- Lower chance of entering arrears – because you have less to pay each month, it will be easier to make the payments.
- Flexibility – most interest-only products will give you the option of making overpayments, which will pay off some of your loan balance.
- You could become a ‘mortgage prisoner’ – for a number of reasons, including strict affordability rules and lack of choice for older borrowers, you might struggle to switch to a repayment mortgage to settle the loan. This makes you a ‘prisoner’ of your current deal.
- Large bill at end of term – you will need to have a reliable repayment vehicle in place to settle the loan. This may have to be the sale of the property if you can’t switch to a repayment mortgage.
- Property value could decrease – making it very difficult to repay the final loan. Especially if you can’t remortgage.
Lenders are more cautious about approving residential interest-only mortgages, so you should only apply for an interest-only mortgage if you’re sure you will be able to.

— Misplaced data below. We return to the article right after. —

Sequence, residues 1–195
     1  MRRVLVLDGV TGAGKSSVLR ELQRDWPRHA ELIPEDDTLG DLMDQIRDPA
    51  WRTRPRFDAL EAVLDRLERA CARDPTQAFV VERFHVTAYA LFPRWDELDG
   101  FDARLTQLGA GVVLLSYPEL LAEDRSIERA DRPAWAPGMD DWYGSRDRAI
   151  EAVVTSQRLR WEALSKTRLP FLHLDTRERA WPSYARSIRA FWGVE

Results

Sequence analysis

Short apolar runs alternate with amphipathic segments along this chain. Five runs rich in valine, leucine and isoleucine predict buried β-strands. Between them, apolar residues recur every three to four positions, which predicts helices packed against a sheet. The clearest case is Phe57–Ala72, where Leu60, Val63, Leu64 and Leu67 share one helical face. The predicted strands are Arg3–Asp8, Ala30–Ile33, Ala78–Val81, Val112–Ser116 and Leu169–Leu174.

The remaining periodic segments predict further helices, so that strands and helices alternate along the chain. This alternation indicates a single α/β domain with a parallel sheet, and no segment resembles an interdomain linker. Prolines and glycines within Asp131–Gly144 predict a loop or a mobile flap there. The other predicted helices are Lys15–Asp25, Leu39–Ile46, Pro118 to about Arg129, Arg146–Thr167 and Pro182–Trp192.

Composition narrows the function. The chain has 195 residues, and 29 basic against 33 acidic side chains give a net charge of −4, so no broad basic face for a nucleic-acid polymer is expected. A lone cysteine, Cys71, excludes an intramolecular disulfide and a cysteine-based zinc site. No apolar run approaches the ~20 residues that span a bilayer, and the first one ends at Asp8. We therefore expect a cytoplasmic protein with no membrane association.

Popular repayment methods include selling your property and downsizing, selling investments, and using savings.
But as David Blake told us, ‘the only way to guarantee a mortgage is paid off is by taking a repayment mortgage’.
If the value of your property decreases, for example, selling it may not cover the cost of your loan.
David advises anyone with an interest-only mortgage to make overpayments whenever they can.
Overpaying on an interest-only mortgage means choosing to pay back more than just the interest, and therefore chipping away at your actual loan balance. This will make it easier to pay it off when your term ends.